The first time I traveled thousands of miles away from home was three years ago. In my 20-odd years, I had never left the country until my trip to study in Taiwan.
With a poor grasp on Mandarin, no where to stay for my two-month study and still awaiting an acceptance letter from a local university, I bought my airplane ticket anyway. My dad was excited for me to visit his hometown, Taipei, but concerned that my answer to his many travel questions was “I don’t know.”
I really didn’t know what I was going to do for lodging and how to navigate around, but my want to have an adventure made not knowing okay.
And although this East Coast trip was a lot more “local” and better planned than my overseas trip, my travel buddy and I had the same desire for adventure — to explore new surroundings and experience its culture.
Just when we thought the weather couldn’t get any nicer, it
did. Philadelphia was in the mid-50s to mid-60s all day, perfect weather to go
jacket-less and sit in the open for a double decker bus tour.
We used our Philadelphia CityPass for the Big Bus and
Trolley Works tours, which took us to many of the city’s coveted sites –
Liberty Bell, Independence Hall, Betsy Ross’ House and the likes. Our tour
guide gave us information on all of these landmarks, plus tidbits about local
architecture, outdoor artwork, etc.
Best of all, the hop on, hop off tour took us to the sites
in the CityPass booklet – all except the aquarium. It was nice to be lazy for
once and let the bus take us everywhere – even back to our hotel (one of the
stops) – after six days of constant walking.
Leading up to this trip, New York was like a fairy tale. The
city, in my head, was constructed by word-of-mouth tales — rumors of sites,
sounds, lifestyle and, oh, yes, even the large subway rats was a part of the
For my travel buddy, I believe his idea of the city was
built around hot dogs and pizzas.
To satisfy his love for these foods, we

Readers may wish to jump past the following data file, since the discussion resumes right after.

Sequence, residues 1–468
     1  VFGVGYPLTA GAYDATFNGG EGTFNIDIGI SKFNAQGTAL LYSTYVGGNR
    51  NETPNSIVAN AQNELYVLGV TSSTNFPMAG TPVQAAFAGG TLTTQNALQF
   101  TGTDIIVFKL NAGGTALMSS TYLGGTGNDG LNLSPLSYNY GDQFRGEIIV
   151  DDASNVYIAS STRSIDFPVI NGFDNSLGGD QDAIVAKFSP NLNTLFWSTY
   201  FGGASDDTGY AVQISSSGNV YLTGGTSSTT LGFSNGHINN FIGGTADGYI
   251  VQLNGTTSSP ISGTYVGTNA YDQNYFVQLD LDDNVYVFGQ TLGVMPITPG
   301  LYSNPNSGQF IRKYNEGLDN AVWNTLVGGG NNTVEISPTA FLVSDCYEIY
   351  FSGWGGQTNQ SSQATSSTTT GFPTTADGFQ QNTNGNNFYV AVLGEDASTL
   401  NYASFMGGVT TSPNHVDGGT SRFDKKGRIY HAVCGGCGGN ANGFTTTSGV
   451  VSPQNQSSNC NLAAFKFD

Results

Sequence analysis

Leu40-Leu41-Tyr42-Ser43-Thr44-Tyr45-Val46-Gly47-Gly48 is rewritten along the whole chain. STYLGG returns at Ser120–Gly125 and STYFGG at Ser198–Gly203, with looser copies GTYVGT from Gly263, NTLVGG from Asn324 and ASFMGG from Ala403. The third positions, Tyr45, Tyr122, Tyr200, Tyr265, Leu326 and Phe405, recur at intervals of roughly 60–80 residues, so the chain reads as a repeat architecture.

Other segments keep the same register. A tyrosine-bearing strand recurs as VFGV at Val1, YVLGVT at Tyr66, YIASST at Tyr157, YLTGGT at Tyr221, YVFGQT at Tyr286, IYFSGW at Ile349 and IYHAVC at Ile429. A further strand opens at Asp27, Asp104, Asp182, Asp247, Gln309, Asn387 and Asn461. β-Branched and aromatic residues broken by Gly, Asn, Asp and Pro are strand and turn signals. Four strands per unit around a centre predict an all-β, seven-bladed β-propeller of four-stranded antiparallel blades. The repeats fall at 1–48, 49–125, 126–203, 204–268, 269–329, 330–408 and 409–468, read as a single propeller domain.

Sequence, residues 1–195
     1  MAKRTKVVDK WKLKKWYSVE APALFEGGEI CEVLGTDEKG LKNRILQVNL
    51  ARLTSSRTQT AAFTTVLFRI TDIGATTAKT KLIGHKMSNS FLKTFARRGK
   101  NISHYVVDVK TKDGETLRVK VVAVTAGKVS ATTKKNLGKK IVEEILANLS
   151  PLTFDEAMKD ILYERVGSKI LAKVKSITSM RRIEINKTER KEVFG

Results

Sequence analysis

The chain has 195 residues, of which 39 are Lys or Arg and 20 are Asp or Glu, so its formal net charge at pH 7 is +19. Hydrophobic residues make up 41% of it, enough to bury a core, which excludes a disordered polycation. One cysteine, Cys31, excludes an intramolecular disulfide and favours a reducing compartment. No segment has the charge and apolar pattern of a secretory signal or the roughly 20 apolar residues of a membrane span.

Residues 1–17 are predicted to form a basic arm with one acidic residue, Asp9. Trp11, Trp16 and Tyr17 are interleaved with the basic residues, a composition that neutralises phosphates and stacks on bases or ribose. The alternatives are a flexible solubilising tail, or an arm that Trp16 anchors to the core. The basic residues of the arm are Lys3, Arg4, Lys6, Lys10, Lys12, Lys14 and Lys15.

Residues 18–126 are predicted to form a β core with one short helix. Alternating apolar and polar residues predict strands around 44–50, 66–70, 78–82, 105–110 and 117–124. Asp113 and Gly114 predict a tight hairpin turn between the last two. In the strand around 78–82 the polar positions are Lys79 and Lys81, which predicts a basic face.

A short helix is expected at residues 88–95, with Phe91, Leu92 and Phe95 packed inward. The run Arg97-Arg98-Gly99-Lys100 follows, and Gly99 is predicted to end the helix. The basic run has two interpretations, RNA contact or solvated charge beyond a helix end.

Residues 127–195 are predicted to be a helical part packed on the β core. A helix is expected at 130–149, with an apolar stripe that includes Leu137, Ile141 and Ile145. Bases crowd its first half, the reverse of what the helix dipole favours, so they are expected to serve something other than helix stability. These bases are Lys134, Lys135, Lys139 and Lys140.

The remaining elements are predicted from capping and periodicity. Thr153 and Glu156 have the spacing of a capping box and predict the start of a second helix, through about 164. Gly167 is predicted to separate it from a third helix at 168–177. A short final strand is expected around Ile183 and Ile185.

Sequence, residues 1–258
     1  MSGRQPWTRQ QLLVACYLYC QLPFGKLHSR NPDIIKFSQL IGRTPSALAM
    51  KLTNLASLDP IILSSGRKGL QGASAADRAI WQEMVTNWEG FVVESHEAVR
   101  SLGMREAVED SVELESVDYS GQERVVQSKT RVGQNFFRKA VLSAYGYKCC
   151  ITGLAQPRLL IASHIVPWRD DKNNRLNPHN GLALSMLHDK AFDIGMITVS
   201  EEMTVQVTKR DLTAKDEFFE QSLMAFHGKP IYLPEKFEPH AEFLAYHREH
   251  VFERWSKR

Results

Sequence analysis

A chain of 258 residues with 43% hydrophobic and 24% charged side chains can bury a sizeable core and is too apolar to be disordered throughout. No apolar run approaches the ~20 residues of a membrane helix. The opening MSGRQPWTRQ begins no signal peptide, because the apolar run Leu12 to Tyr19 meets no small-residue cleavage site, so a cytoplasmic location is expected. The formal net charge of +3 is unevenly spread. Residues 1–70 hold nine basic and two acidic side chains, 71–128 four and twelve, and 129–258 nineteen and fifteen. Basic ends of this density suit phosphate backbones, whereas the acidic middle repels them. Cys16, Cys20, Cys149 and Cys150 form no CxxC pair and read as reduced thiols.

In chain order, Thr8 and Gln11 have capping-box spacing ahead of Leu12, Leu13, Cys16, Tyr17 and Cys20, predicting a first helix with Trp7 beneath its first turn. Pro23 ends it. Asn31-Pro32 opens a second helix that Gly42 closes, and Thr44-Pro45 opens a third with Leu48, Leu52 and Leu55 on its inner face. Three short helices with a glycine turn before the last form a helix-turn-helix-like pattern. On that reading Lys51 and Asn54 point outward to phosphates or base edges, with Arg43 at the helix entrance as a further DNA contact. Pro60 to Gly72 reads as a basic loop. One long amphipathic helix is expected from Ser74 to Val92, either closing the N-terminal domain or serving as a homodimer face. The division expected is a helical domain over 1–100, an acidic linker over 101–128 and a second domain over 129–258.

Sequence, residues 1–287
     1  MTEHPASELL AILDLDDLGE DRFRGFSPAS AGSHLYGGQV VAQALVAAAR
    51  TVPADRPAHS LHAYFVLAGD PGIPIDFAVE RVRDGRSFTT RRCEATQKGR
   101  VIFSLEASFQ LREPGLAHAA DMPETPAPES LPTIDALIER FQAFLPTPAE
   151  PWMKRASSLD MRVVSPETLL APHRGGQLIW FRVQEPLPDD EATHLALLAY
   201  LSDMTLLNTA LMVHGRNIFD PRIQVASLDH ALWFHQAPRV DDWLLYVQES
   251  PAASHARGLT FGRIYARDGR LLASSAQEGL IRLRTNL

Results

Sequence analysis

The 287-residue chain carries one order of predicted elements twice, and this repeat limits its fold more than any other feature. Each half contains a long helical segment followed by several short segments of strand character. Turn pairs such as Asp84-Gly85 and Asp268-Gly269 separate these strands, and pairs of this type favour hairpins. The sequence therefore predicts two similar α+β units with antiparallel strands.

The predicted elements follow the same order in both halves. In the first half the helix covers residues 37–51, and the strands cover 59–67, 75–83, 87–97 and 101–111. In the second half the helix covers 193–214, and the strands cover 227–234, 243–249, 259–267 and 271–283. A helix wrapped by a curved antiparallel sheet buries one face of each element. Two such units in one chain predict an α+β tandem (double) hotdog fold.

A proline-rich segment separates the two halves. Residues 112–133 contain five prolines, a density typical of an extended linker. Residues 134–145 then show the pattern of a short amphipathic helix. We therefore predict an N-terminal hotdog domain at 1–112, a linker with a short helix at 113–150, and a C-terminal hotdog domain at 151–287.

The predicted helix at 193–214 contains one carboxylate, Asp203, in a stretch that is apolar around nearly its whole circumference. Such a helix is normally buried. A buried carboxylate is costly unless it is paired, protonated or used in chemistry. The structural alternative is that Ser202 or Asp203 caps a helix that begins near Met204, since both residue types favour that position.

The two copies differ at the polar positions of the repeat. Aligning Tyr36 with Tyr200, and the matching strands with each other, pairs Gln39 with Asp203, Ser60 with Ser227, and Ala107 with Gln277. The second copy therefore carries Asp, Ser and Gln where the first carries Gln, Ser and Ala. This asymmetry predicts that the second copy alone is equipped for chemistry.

squeezed in many searches to find the illustrious street dogs and New
York-style pizzas for our last two days. It made me laugh every time we were at
a site and he would turn to me to ask, “Are you hungry?” This just meant he
As a Californian frequently visiting family in Wichita, Kan., I’m always fascinated by how laid back the lifestyle is there. You can park at a green light for several minutes and no one will honk. Everyone takes their time in going about their day. No one’s in a rush to do anything.
As a Californian, it would drive me crazy. I needed to get things done quickly because I was always in a rush to get somewhere. So you can imagine I had to learn patience every time I visited.
I used to think California was fast-paced, but how wrong I was. New York blows the Golden State out of the water. Everyone is always in a rush, honking is frequent and it’s very overwhelming, especially for us tourists. My travel buddy says it best, “It’s fast-paced and the most complicated place I’ve ever been.”
My travel buddy and I arrived in Boston at 8 a.m. today. I can’t say that we were very enthusiastic to go anywhere yet because we were so tired.
But the moment we stepped out of Logan Airport, both of us were awakened by the frigid weather. It was about 28 degrees outside, a temperature I don’t ever recall experiencing in Los Angeles.
Before the trip, we used Yahoo! Travel to map out the locations of the sites we wanted to see. I typed up an itinerary for hotel and transportation for each city, while my travel buddy put together a very intricate (and extremely impressive) spreadsheet that outlined each site we wanted to visit (down to the hours of operation, addresses and descriptions). Needless to say, we were very prepared.
I’ve been counting down the days when I will finally step foot in Boston, where my small adventure begins. I have a little more than 18 hours before I board my flight from Los Angeles International Airport.
From the start, my travel buddy and I have been on a mission to save as
much as possible. We’ve been searching the Internet for hours on end to
find the best prices to travel.
for us, people don’t really like traveling to the East Coast during the
winter, especially if there are looming threats of winter storms.
However, from reading several travel guides, most tourists are willing
to brave harsh weather when it’s major holiday traveling (ie. Christmas and New Year’s). It seems that Valentine’s Day isn’t as big a hit. Continue reading →
I’ve always had the adventure bug. As early as I can remember, I was the daring one among my siblings who was quick to venture away from mom’s side to explore my surroundings. I loved observing, experiencing firsts and just plain going. Needless to say, I got lost a lot.
And although I love travel, my wallet and I have never seen eye-to-eye. I guess you could say I love the idea more than my passport or “Places I’ve Been” map can show for.
Lucky for me, I’ve built up a little time and money to take a quick trip somewhere. So, I’ve decided to visit the East Coast — Boston, New York City, Philadelphia and Washington, D.C., more specifically. These are all places I’ve longed to experience in the United States.
A travel buddy and I will be there from Feb. 11 to 20. We are starting in Boston (one day), making our way down to New York City (four days), then Philadelphia (one day) and finishing in Washington, D.C. (two days).
Any seasoned travelers have any suggestions or tips?